27. 27.
    Fluchel, M.N., Kirchhoff, A.C., Bodson, J., Sweeney, C., Edwards, S.L.: Geography and the burden of care in pediatric cancers. Pediatr. Blood Cancer 61, 1918–1924 (2014)CrossRefPubMedPubMedCentralGoogle Scholar
  28. 28.
    Kirchhoff, A.C., Lyles, C.R., Fluchel, M., Wright, J., Leisenring, W.: Limitations in health care access and utilization among long-term survivors of adolescent and young adult cancer. Cancer 118, 5964–5972 (2012)CrossRefPubMedGoogle Scholar
  29. 29.
    Dussel, V., Bona, K., Heath, J.A., Hilden, J.M., Weeks, J.C., et al.: Unmeasured costs of a child’s death: perceived financial burden, work disruptions, and economic coping strategies used by American and Australian families who lost children to cancer. J. Clin. Oncol. 29, 1007–1013 (2011)CrossRefPubMedGoogle Scholar
  30. 30.
    Vrijmoet-Wiersma, C.M., Kooloos, V.M., Koopman, H.M., Kolk, A.M., van der Laan, I., et al.: Health-related quality of life, cognitive functioning and behaviour problems in children with Langerhans cell histiocytosis. Pediatr. Blood Cancer 52, 116–122 (2009)CrossRefPubMedGoogle Scholar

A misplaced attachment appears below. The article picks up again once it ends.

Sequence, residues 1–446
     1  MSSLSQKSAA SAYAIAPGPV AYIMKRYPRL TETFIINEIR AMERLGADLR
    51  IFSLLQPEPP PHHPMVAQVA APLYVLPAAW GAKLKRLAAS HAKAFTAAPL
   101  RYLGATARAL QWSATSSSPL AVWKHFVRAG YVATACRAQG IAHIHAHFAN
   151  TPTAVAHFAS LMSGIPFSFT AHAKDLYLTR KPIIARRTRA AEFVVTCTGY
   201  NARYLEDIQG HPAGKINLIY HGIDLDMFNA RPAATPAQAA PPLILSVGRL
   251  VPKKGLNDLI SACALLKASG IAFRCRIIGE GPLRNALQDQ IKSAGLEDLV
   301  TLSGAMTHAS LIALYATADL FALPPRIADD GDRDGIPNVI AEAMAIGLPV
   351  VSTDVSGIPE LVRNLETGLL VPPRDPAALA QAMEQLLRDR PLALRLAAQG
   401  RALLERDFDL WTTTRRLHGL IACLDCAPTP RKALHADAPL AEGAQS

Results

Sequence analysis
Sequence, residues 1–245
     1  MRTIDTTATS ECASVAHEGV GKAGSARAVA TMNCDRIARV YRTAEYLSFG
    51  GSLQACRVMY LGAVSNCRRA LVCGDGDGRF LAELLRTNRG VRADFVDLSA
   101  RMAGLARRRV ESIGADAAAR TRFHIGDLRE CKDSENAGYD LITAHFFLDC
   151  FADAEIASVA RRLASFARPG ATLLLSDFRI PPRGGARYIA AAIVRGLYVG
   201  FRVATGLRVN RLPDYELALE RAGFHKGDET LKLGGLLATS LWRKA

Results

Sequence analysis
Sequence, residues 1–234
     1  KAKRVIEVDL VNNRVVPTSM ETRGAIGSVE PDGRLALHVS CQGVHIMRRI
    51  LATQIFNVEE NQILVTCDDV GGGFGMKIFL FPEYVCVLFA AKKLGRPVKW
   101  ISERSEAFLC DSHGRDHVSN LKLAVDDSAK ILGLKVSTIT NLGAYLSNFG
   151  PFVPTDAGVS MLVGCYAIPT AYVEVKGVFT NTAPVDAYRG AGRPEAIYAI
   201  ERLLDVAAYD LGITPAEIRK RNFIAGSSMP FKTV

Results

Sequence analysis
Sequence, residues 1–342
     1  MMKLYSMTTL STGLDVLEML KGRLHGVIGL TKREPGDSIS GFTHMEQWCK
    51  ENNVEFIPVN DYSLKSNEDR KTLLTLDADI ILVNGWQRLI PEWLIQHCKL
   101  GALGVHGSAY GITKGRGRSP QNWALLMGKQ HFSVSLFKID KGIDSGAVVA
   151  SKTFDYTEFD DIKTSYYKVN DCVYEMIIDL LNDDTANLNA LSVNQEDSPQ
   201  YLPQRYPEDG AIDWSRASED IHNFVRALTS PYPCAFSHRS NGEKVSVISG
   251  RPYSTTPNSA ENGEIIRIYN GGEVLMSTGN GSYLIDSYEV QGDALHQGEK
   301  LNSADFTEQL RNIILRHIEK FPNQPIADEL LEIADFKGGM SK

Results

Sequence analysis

31. 31.
    Nanduri, V.R., Pritchard, J., Levitt, G., Glaser, A.W.: Long term morbidity and health related quality of life after multi-system Langerhans cell histiocytosis. Eur. J. Cancer 42, 2563–2569 (2006)CrossRefPubMedGoogle Scholar
  32. 32.
    Lau, L.M., Stuurman, K., Weitzman, S.: Skeletal Langerhans cell histiocytosis in children: permanent consequences and health-related quality of life in long-term survivors. Pediatr. Blood Cancer 50, 607–612 (2008)CrossRefPubMedGoogle Scholar
  33. 33.
    Laurencikas, E., Gavhed, D., Stålemark, H., van’t Hooft, I., Prayer, D., et al.: Incidence and pattern of radiological central nervous system Langerhans cell histiocytosis in children: a population based study. Pediatr. Blood Cancer 56, 250–257 (2011)CrossRefPubMedGoogle Scholar
  34. 34.
    Vassallo, R., Ryu, J.H., Schroeder, D.R., Decker, P.A., Limper, A.H.: Clinical outcomes of pulmonary Langerhans’-cell histiocytosis in adults. N. Engl. J. Med. 346, 484–490 (2002)CrossRefPubMedGoogle Scholar
  35. 35.
    Koopman, H.M., Koetsier, J.A., Taminiau, A.H., Hijnen, K.E., Bresters, D., et al.: Health-related quality of life and coping strategies of children after treatment of a malignant bone tumor: a 5-year follow-up study. Pediatr. Blood Cancer 45, 694–699 (2005)CrossRefPubMedGoogle Scholar
  36. 36.
    Simms, S., Warner, N.J.: A framework for understanding and responding to the psychosocial needs of children with Langerhans cell histiocytosis and their families. Hematol. Oncol. Clin. North Am. 12, 359–367 (1998)CrossRefPubMedGoogle Scholar
  37. 37.
    Mason, R.H., Foley, N.M., Branley, H.M., Adamali, H.I., Hetzel, M., et al.: Pulmonary Langerhans cell histiocytosis (PLCH): a new UK register. Thorax 69, 766–767 (2014)CrossRefPubMedGoogle Scholar
  38. 38.